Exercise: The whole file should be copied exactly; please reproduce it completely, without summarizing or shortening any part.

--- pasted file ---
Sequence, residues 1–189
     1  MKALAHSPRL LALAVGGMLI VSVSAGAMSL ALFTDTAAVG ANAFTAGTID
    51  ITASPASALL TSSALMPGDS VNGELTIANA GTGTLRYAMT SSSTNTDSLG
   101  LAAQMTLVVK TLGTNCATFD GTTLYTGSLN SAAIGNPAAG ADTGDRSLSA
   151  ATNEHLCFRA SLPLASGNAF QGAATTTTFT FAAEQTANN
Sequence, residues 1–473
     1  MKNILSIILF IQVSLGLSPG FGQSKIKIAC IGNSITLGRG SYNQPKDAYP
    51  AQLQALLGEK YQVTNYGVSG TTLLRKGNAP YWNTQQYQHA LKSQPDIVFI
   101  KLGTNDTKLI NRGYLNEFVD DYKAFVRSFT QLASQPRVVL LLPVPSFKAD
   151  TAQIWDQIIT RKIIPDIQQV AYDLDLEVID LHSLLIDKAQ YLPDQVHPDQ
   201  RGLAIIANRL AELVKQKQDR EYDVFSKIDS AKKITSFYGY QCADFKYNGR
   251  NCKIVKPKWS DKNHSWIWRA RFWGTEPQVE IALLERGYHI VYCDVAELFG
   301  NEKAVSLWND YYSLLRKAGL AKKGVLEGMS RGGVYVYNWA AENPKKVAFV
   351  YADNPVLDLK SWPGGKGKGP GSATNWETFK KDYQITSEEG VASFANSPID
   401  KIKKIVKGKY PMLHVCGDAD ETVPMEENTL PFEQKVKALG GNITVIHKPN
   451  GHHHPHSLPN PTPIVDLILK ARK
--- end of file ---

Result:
Sequence, residues 1–189
     1  MKALAHSPRL LALAVGGMLI VSVSAGAMSL ALFTDTAAVG ANAFTAGTID
    51  ITASPASALL TSSALMPGDS VNGELTIANA GTGTLRYAMT SSSTNTDSLG
   101  LAAQMTLVVK TLGTNCATFD GTTLYTGSLN SAAIGNPAAG ADTGDRSLSA
   151  ATNEHLCFRA SLPLASGNAF QGAATTTTFT FAAEQTANN
Sequence, residues 1–473
     1  MKNILSIILF IQVSLGLSPG FGQSKIKIAC IGNSITLGRG SYNQPKDAYP
    51  AQLQALLGEK YQVTNYGVSG TTLLRKGNAP YWNTQQYQHA LKSQPDIVFI
   101  KLGTNDTKLI NRGYLNEFVD DYKAFVRSFT QLASQPRVVL LLPVPSFKAD
   151  TAQIWDQIIT RKIIPDIQQV AYDLDLEVID LHSLLIDKAQ YLPDQVHPDQ
   201  RGLAIIANRL AELVKQKQDR EYDVFSKIDS AKKITSFYGY QCADFKYNGR
   251  NCKIVKPKWS DKNHSWIWRA RFWGTEPQVE IALLERGYHI VYCDVAELFG
   301  NEKAVSLWND YYSLLRKAGL AKKGVLEGMS RGGVYVYNWA AENPKKVAFV
   351  YADNPVLDLK SWPGGKGKGP GSATNWETFK KDYQITSEEG VASFANSPID
   401  KIKKIVKGKY PMLHVCGDAD ETVPMEENTL PFEQKVKALG GNITVIHKPN
   451  GHHHPHSLPN PTPIVDLILK ARK